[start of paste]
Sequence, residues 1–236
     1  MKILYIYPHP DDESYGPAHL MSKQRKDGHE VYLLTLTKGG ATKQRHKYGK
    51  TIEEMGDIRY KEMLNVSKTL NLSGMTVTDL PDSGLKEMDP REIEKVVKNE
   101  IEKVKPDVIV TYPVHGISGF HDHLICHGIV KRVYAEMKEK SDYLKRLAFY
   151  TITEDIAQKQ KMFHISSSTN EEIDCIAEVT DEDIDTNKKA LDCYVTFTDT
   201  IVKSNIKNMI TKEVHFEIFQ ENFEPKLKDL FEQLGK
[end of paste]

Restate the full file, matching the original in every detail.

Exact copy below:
Sequence, residues 1–236
     1  MKILYIYPHP DDESYGPAHL MSKQRKDGHE VYLLTLTKGG ATKQRHKYGK
    51  TIEEMGDIRY KEMLNVSKTL NLSGMTVTDL PDSGLKEMDP REIEKVVKNE
   101  IEKVKPDVIV TYPVHGISGF HDHLICHGIV KRVYAEMKEK SDYLKRLAFY
   151  TITEDIAQKQ KMFHISSSTN EEIDCIAEVT DEDIDTNKKA LDCYVTFTDT
   201  IVKSNIKNMI TKEVHFEIFQ ENFEPKLKDL FEQLGK